China on Wednesday (26 April) launched its first indigenously-built aircraft carrier, Shandong, in the Dalian shipyard in the country's northeast Liaoning province. This was also the second such launch by the communist state.

The first aircraft carrier was the Liaoning, a refitted Soviet-made carrier. The Liaoning was commissioned into the Chinese People's Liberation Army Navy in 2012, Xinhua reported.

Experts cautioned that this latest launch showed only modest progress in the modernisation of China's military, and there remains a huge technological gap between the Chinese Navy and the American Navy – Beijing's most powerful rival in the Asia-Pacific region.

The carrier, which was temporarily named the Type 001A, was transferred from a dry dock into the water during a launch ceremony on Wednesday morning at 9am local time (2am BST) at the Dalian shipyard.

The 315 metre long and 75 metre wide vessel has a cruising speed of 31 knots and has a displacement of 70,000 tonnes, the South China Morning Post reported. It added that the home-built vessel is slightly larger than the Liaoning.

China reportedly began development work on the aircraft carrier in November 2013 and took nearly five years to complete it. The layout is almost the same as the Soviet-made carrier, but Shandong features new equipment and a more advanced operational concept than the Liaoning. Shandong also has a bigger hangar to carry more J-15 fighter jets and more space on deck for helicopters and other aircraft, the newspaper noted.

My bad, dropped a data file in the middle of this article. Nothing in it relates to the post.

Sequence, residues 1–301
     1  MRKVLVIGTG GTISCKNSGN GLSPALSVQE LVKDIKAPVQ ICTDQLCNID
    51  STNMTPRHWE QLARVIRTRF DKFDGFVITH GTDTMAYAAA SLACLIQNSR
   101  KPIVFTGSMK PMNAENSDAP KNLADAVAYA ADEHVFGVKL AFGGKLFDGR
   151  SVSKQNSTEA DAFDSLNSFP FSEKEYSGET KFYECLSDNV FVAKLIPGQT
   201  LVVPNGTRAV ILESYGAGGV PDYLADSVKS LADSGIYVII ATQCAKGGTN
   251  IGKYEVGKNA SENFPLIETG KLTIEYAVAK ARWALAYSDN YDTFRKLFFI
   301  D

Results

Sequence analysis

China's second aircraft carrier
China's second aircraft carrier, Shandong, also the first indigenously-built aircraft carrier, is seen during its launching ceremony in Dalian, Liaoning province, China on 26 April, 2017 Reuters/Li Gang/Xinhua

However, a military expert warned that China should be "mindful" of America's 100,000-tonne nuclear-powered aircraft carrier, which is twice the size of Shandong.

"While China is celebrating the launch of its first home-grown aircraft carrier, the country should also be mindful that the United States is possibly deploying its most advanced Ford-class supercarrier to the Asia-Pacific," Beijing-based naval expert Li Jie told the South China Morning Post, in an apparent reference to the USS Carl Vinson, which is currently headed towards the Korean waters amid increasing tensions between Washington and Pyongyang.

Comparing the American supercarrier and the new Chinese carrier, Li said the former is powered by two advanced nuclear reactors and equipped with an electromagnetic aircraft launching system while the conventional-powered Shandong retains the ski-jump take-off ramp of the Liaoning.

Around 2021, China is set to launch its next generation aircraft carrier but, it will still not be a nuclear-powered vessel with electromagnetic aircraft catapults, Li added.

"The US is deliberately going to remind China that the generation gap between PLA [People's Liberation Army] navy and the US carrier strike groups as well as their fighting capabilities will be further enlarged when the carrier Gerald R Ford is commissioned this year [in the US]," he said.